Crop rotation is a common practice among farmers, but no-till agricultural producers often avoid disturbing their soil to maintain its health. Now, new research from Penn State suggests that field plowing after a series of crop rotations may actually help sustain soil health. Furthermore, it may eliminate the need to use large amounts of herbicide to control weeds and pests, reducing environmental harm.
“When you use herbicides again and again to burn down the cover crops and kill the perennials, that selects for herbicide-resistant weeds and contaminates the environment,” research leader Heather Karsten told Penn State. “There is growing evidence that herbicides such as glyphosate and 2,4-D that are commonly used to burn down cover crops and control weeds pose some human-health problems, such as non-Hodgkin lymphoma and endocrine disruption. These and other herbicides used to control herbicide-resistant weeds also are toxic to soil organisms and wildlife.”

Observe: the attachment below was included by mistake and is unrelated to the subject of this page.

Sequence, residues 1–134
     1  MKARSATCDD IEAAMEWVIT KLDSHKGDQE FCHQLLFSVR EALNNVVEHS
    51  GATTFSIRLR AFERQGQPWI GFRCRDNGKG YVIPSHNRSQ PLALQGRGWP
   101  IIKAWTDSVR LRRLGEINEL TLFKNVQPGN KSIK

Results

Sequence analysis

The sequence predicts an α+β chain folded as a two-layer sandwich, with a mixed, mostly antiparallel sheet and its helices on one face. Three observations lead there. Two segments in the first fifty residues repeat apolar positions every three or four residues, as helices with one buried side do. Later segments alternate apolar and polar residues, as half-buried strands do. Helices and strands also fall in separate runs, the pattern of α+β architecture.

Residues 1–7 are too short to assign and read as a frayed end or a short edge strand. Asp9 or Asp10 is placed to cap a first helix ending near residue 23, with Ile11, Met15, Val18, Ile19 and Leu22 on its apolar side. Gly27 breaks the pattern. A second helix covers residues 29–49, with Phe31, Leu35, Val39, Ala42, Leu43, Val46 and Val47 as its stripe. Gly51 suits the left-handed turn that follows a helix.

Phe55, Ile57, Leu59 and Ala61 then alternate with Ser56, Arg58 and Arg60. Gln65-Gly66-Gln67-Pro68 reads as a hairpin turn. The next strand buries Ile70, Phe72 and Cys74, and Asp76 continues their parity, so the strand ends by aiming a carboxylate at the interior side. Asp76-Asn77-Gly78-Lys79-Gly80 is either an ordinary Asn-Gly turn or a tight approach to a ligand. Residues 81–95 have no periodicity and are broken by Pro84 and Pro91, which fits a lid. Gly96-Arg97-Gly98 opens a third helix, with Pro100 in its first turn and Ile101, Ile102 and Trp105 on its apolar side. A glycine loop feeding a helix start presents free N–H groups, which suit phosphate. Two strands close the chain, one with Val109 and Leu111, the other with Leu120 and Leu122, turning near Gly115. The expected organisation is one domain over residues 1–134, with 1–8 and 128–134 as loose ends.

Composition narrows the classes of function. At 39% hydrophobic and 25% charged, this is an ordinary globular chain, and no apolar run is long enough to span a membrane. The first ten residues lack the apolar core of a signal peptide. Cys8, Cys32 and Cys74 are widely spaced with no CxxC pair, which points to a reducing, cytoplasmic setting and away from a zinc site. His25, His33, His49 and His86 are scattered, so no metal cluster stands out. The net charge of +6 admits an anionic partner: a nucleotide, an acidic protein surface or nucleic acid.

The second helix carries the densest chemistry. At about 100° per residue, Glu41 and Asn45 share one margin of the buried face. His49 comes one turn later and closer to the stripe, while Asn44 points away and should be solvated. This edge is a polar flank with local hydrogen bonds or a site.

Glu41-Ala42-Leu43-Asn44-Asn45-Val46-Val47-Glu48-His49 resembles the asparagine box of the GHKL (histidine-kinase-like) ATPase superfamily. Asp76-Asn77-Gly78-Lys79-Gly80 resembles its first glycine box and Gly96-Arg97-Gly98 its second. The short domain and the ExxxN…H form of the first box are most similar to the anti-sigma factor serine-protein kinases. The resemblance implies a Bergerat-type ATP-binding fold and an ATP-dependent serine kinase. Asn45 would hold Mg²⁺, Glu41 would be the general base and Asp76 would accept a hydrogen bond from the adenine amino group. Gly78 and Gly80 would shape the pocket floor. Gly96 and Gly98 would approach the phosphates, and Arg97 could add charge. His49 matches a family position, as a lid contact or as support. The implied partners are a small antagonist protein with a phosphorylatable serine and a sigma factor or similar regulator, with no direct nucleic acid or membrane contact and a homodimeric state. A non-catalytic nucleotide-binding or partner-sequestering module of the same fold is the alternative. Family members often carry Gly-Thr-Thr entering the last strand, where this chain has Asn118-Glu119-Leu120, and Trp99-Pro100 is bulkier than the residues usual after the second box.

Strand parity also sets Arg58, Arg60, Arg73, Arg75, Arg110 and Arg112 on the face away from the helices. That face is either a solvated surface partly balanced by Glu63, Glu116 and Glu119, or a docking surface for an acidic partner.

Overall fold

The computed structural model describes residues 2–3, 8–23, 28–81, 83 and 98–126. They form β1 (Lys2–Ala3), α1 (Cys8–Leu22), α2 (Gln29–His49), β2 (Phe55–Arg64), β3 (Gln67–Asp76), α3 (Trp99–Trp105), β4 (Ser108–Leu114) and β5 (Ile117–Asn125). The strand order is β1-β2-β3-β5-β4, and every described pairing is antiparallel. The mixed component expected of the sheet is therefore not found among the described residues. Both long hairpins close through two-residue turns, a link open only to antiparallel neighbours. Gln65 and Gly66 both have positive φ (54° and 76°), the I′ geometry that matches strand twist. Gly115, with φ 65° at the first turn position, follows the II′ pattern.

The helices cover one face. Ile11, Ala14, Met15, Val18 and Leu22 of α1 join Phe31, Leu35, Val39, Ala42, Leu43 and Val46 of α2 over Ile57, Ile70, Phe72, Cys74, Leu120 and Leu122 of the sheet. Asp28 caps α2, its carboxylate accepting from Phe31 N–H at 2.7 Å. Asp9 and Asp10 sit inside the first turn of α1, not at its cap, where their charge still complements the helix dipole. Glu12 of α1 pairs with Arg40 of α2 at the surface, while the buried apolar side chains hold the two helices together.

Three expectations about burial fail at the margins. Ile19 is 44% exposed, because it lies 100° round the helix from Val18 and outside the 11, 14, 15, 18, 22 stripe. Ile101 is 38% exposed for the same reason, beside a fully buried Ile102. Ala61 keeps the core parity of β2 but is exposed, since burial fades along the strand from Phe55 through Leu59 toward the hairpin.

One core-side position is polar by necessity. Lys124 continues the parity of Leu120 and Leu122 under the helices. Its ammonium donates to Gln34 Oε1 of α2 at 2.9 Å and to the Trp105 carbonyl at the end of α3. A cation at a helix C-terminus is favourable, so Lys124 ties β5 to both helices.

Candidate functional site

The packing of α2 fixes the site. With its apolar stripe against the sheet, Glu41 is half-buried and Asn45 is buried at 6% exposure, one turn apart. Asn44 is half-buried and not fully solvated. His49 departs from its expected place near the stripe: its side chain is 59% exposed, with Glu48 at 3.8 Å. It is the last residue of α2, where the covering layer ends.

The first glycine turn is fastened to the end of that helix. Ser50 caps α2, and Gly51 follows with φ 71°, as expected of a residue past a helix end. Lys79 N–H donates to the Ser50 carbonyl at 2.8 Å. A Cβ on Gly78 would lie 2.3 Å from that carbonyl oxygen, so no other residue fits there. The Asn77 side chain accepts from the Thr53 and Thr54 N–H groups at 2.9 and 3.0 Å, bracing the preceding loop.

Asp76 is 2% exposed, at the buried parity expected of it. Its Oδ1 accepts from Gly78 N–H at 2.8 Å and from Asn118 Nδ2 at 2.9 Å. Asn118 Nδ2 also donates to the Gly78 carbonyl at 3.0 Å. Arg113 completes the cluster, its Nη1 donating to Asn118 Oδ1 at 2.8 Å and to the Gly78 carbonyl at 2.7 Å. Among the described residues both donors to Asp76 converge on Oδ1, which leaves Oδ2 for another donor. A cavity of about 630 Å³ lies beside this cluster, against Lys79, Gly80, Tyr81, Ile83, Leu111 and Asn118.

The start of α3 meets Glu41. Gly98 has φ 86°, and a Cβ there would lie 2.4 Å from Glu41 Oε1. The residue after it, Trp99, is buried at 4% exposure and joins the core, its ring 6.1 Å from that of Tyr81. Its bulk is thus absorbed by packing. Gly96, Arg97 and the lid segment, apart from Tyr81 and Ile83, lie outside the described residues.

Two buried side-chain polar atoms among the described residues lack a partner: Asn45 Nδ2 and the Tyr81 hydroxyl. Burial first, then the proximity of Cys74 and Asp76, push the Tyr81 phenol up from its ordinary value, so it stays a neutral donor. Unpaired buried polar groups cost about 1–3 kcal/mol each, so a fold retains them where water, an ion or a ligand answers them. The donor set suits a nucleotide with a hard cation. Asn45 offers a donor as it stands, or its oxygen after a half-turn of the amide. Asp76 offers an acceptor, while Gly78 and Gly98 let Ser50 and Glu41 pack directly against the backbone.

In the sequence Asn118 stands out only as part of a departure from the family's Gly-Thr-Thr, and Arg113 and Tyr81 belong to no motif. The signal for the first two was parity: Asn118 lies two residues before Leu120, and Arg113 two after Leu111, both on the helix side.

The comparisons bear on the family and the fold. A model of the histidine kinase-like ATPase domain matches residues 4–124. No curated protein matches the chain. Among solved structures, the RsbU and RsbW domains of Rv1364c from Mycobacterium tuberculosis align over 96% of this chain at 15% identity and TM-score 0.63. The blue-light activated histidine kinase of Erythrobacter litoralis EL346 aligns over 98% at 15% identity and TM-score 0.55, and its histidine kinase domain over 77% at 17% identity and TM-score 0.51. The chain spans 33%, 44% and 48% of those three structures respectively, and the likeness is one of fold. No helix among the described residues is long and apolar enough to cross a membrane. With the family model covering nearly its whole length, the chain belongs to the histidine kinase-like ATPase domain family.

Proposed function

Over a span of six years, Penn State researchers compared the use of a continuous no-till herbicide strategy for weed management and a weed control system based on inversion tillage with fewer herbicides. The experiment was carried out at a dairy farm in the northeast, which implemented crop rotation and cover crop practices. Throughout the study, the researchers measured soil health according to factors such as soil carbon and soil-clumping quality. With the exception of labile carbon, they concluded after the sixth-year rotation that soil health properties remained relatively consistent.
Their findings indicate that no-till producers might be able to avoid using large amounts of herbicides to control weeds. In turn, they can prevent potentially disrupting their local ecosystem while maintaining the health of their soil.
To learn more about tilling equipment and other equipment that can help support your agricultural endeavors, contact your local John Deere dealer today.